So Is There Anything That Would Help Me With That Family Reunion ?

While you might not be able to get your semantic agent to organize your family reunion anytime soon, you will definitely start experiencing the benefits of the semantic web, whether it’s through social networks, search engines, or new creative services that are popping on the web everyday. So to help you get that family reunion organized just head over to TripIt, and it will definitely be a great assistant.

So, what do you think ? Will the Semantic Web deliver on its promises or will it be another fantasy that doesn’t materialize ?

Comments and Reactions

7 responses to “Semantic Web 3.0: The day you will have your own assistant, maybe?”

  1. Beiruta says:

    Great post and big dreams that I think can and will come true… The question is though: do we want them to? Do we want our computers to talk to each other without our assistance? Do we want “semantic agents” to replace the things we do as family and friends together or even worse, replace jobs?

  2. FadiPick says:

    I have wrote a long comment yesterday but it didnt get through :(. Anyway, I wanted to say that I can't wait to experience the benefits of the semantic web. I know that it is coming, and I know that it will bring a lot of new experiences with it. It will save us much time and trouble and definately save you the nagging of your mother :)

  3. lostindots says:

    Exciting future! But to Beiruta's point: do we want to rely on “secret algorithms” to organize our family reunions in “best rated” hotels? I don't want to add to the Google paranoia, but I still wonder if the nicest hotel on earth is not actually hidden on page 2,354 of my Google search for some obscure mathematical – if not financial – reason. And this is only the present!

  4. Jonnyy says:

    Interesting read, the internet has really revolutionised how we communicate. It's hard to speculate what's coming next.

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  6. VladimirA says:

    Great post, I have been reading a lot about the Semantic Web lately, and I was wondering what the obstacles of this (r)evolution are ? Personally, I have developed a Knowledge Management System based on ontologies including inference subengine with providing web services for open communication with the knowledge base, but it proved to have poor performance compared to ordinary databases and the inference process is very expensive, too. So my point was, I think the first problem has somewhat hardware nature, meaning that we do not have the needed resources to build “intelligent systems” which inevitably have to be equally fast, or even faster than the current ones.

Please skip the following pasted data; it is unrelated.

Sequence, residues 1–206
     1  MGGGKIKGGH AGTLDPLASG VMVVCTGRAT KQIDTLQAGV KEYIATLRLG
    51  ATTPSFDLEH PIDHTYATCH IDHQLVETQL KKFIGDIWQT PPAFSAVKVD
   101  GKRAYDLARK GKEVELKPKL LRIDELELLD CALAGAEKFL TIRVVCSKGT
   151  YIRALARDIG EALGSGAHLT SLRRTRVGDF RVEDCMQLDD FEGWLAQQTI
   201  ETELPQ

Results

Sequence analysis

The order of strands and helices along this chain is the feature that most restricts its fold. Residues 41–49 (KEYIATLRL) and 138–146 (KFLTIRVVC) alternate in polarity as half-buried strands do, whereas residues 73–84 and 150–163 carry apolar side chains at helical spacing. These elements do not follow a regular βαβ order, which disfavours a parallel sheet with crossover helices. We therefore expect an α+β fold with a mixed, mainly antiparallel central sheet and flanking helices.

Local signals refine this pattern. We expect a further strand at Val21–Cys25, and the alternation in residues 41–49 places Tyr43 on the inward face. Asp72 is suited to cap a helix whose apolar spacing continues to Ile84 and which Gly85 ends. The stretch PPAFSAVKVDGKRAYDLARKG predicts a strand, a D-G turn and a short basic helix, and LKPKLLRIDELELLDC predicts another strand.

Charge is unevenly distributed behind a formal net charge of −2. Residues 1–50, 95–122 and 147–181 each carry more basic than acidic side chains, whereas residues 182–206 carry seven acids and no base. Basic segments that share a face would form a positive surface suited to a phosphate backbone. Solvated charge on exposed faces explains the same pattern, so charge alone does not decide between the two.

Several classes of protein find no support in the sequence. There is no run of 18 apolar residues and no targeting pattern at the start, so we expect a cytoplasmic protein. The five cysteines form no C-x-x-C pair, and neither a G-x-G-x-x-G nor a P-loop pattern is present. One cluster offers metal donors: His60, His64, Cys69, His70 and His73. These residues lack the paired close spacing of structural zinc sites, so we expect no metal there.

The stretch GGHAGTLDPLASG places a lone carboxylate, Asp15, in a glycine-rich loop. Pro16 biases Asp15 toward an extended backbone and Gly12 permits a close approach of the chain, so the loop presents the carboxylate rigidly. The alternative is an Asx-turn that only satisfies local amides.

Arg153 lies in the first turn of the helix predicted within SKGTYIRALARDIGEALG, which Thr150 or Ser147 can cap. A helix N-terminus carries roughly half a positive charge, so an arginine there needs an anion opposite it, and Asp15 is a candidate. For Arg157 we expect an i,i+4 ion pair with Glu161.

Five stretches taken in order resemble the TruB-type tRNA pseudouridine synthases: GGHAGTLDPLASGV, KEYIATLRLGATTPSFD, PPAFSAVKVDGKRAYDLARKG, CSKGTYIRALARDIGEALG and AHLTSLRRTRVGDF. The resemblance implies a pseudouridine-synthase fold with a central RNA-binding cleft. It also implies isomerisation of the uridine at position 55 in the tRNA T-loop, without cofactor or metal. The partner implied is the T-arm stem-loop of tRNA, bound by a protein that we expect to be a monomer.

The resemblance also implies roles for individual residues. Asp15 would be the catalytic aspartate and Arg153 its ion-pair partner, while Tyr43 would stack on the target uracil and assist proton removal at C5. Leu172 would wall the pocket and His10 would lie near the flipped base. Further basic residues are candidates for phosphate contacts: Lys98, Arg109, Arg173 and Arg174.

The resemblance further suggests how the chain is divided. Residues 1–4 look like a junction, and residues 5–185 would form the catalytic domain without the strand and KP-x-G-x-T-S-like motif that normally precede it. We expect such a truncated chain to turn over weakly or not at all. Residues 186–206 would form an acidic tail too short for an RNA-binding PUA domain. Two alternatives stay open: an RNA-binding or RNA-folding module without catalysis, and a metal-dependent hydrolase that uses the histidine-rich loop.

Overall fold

The second problem in my opinion is that, people (webmasters) don't obiously see the benefits of the Semantic Web since there are no commonly known semantic applications and the effort needed to publish their semantics, as it seems to them, is too expensive. However, I believe that approaches such as the one of the OpenCalais & Oracle will automate the process and motivate people to simple semantically annotate their webistes.
    The third problem, possibly, with having the first two theoretically solved, lies in the essential human nature. People lie. From various reasons. But they do. Semantic Web relies on semantic annotation, but there is no mechanism that will stop people from stuffing keywords and on purposely incorrect annotations. Remember Alta Vista ? Seems like history is repeating, after all. The answer to this problem, according to me, could possibly lie in completely automating the annotating process and advanced consistency maintainance of large knowledge bases.
    To sum up, yes, things are moving, enterprises deeply believe that ontologies will provide them easy integration of different their systems, enhance B2B communication etc. But web services exist quite a while, don't they ? XML promises to free us from platform dependance, right ? So, why do we need ontologies then ? With SOAP we could express any object on any platform, right ? Then why are ontologies so wanted ? Again, their power lies in inference capabilities… Oh, wasn't that how I started ? Inference allows machines to understand the meaning, communicate with each other, and provide better service to humans … But it is very expensive, and limits the sharing of knowledge among knowledge sources. A vicious circle maybe?
    Anyone, we could continue this discussion on my blog, too, feel free to write…
    Semantic Web Buzz